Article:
Some conclusive descriptions of the raw EBSD data are summarized. In the raw EBSD database of the initial state, the total number of columns and rows is 7 and 105,000, respectively. After neglecting measurement errors, in such an EBSD database remain 103,671 rows (or the number of pixels) and 7 columns. The number of measurement errors is 1,329 pixels, i.e., approximately 1.26% of the area fraction. The map size of the raw grain structure in Figure 4a is 349×299 *μ* m. The area of one measurement point is 1 *μ* m^{2}. For the subsequent strain states, the measurement errors correspond to area fractions of 3.6%, 8.5%, 9.4%, and 18.5%, respectively.

### FE modeling and full-field simulation

*E*=200 GPa) and Poisson’s ratio (

*ν*=0.3) are assigned to the ideal von Mises plastic region. For the plastic behavior, the flow parameters

*σ*

_{F 0}=180 MPa,

*σ*

_{ F ∞ }=303 MPa, describing the linear hardening, are estimated from the experimental tensile stress-strain curve for 0° to the RD (Figure 9a).

**Set of material parameters**

_{ κ }(X ,

*t*) is the current position at time

*t*. The displacement gradient H can be given in terms of the deformation gradient F

^{−1}. The special form of the velocity gradient implies a displacement in the

*X*-

*Y*plane in the reference configuration and a constant volume during the simulation. From Equation 20, the displacement on the boundary is obtained

*t*in terms of the deformation gradient in Equation 23, so that the displacement becomes

*%*elongation. The FE results are evaluated at different total times such as 65, 130, and 195 s corresponding to 5%, 10%, and 15% elongation, respectively. The field of critical resolved shear stress

*τ*

_{ c }is depicted in Figure 16 at the aforementioned different states of the FE simulation. These results show a strongly inhomogeneous field caused by the evolution of individual grain orientations in the microstructure during deformation.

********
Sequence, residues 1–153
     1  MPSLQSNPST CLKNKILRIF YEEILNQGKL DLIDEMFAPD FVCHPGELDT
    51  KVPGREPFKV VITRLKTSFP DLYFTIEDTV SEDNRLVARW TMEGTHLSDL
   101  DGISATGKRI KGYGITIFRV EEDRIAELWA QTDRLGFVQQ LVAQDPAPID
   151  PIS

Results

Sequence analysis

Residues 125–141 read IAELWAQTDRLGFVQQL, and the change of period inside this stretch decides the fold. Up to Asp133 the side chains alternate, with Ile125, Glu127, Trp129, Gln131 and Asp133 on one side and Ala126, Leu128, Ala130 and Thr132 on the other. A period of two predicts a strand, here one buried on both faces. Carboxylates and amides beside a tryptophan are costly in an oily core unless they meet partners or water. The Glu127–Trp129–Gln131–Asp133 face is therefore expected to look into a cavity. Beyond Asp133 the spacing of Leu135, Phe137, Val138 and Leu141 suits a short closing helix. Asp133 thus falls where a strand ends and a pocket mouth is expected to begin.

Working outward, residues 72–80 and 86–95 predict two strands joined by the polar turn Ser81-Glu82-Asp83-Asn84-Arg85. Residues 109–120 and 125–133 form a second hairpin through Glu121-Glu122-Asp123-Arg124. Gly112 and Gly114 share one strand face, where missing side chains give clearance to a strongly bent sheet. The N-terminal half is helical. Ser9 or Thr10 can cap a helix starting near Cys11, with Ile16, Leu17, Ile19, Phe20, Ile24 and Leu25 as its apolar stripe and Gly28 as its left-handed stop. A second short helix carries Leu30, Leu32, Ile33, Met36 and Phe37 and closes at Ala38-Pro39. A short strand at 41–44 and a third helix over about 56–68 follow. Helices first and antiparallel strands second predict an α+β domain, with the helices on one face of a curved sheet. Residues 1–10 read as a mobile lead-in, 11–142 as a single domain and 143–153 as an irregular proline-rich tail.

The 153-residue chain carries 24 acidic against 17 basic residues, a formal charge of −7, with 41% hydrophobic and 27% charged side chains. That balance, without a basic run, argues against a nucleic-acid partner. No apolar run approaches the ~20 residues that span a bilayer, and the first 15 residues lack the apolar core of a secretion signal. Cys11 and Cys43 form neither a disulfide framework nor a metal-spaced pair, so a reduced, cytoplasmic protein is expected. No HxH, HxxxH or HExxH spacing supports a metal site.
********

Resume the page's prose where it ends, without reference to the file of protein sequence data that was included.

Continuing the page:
*α*(

*α*=1…24) in BCC slip systems {110}〈111〉+{112}〈111〉 is computed by integrating the slip rate ${\stackrel{\u0307}{\gamma}}_{\alpha}$ over the time during the grain scale simulation. The plastic slip is described as follows:

## Results and discussion

_{0}represents the crystal orientation at the initial state of deformation and Q represents the crystal orientation of the same point at different states of deformation. Both Q

_{0}and Q are parameterized by Euler angles lying in the same fundamental zone. During the simulation, Q is extracted by the polar decomposition F

_{ e }=R

_{ e }U

_{ e }, where R

_{ e }=Q is the elastic rotation and U

_{ e }is the elastic stretch tensor. The computed reorientation is the minimum relative orientation distance between the initial and actual crystal orientation. By comparing the color distribution representing the values in the legend (Figure 24), the reorientations in the numerical simulations agree well with the experimental results. In addition, the computed reorientations of local grains #345 and #296 are in good agreement with the experiment. However, the computed reorientation of local grain #357 is lower than in the experiment. This can probably be explained by neglecting the beneath grain interaction in the ND due to the lack of the experimental 2D EBSD data.

## Conclusions

In the paper, a finite strain crystal plasticity model has been presented. The constitutive equations applied on the grain scale to model the elasto-viscoplastic behavior of BCC single crystals have been described in the context of large deformations. In particular, the crystal plasticity model is rate dependent and takes into account hardening effects on the microscale. The material parameters of the DC04 steel used in the crystal plasticity model were identified in the work of [25].